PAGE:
The Court recognizes that, as established in the case Javier García-Bengochea vs. Carnival Corporation, a claim to property once owned by a corporation confiscated by the Cuban government is sufficient to survive such a motion. Despite this, the Court partially grants the motion since there is a lack of personal jurisdiction. This procedural defect may be remedied by filing a second amended complaint within fourteen (14) days.

  • On August 27, 2020, in connection with the lawsuit filed by Havana Docks Corporation (“Havana Docks”) against Norwegian Cruise Lines Holdings Ltd (“Norwegian”), the Judge has ordered the continued discovery of evidence, a procedural moment consisting of the exchange of documents and information of the parties to a lawsuit, and the provision of certain information by Norwegian to Havana Docks.

The order was issued following a motion by Havana Docks seeking the annulment of the defendant’s objection to meeting and responding to certain discovery requests on the grounds that the information requested was necessary to challenge the defendant’s defence. Norwegian replied in opposition to the motion arguing that, because the property in question is located in Havana, discovery of evidence should be limited only to travel to that city and not to all of Cuba.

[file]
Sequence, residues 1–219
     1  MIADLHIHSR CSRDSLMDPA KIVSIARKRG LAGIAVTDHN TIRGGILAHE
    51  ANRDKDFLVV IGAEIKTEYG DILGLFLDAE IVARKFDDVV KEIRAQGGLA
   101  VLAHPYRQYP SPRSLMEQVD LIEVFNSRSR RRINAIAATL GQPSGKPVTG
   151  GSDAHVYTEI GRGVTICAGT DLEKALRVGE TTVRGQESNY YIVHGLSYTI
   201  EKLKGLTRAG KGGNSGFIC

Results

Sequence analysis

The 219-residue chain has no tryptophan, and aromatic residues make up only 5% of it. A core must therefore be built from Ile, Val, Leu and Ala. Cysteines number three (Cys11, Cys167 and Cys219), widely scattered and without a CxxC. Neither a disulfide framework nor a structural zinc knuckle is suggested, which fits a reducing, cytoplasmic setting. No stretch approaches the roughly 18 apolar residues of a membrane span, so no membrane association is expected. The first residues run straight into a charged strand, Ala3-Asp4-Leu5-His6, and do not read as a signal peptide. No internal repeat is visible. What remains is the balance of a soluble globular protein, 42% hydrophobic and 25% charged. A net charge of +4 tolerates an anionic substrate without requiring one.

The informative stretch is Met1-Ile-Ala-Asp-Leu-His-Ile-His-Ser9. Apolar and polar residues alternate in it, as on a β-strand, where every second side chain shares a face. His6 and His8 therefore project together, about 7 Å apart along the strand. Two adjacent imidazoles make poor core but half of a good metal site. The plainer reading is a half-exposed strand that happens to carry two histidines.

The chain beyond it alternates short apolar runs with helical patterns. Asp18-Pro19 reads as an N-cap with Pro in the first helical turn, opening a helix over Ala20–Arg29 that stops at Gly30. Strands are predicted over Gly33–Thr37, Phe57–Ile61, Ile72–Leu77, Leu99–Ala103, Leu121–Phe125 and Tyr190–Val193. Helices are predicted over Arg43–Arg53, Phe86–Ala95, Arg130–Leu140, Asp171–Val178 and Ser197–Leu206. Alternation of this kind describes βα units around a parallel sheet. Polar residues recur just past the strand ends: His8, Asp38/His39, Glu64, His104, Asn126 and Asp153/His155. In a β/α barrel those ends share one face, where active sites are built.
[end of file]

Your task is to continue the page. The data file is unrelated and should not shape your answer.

• On 31 August 2020 Marriott International has informed that it has been notified by the United States Department of the Treasury (USA) that it must cease the activity of its Four Points Sheraton hotel in Havana, and that it is not allowed to open another hotel that it was completing and which was expected to open in 2020.

This is due to the non-renewal of the biannual license granted by OFAC, which had been granted in the years 2016 and 2018, allowing Marriott International to manage properties in the Republic of Cuba. The reason for this decision is due to the fact that the ultimate owner of both properties is the Cuban Revolutionary Armed Forces.

CHINA

  • On 7 August 2020 the Office of Foreign Assets Control (OFAC), pursuant to Executive Order 13936 of July 14, 2020, added eleven (11) individuals to the Specially Designated Nationals and Blocked Persons List (“SDN List”) for undermining Hong Kong’s autonomy and restricting the freedom of expression or assembly of Hong Kong citizens.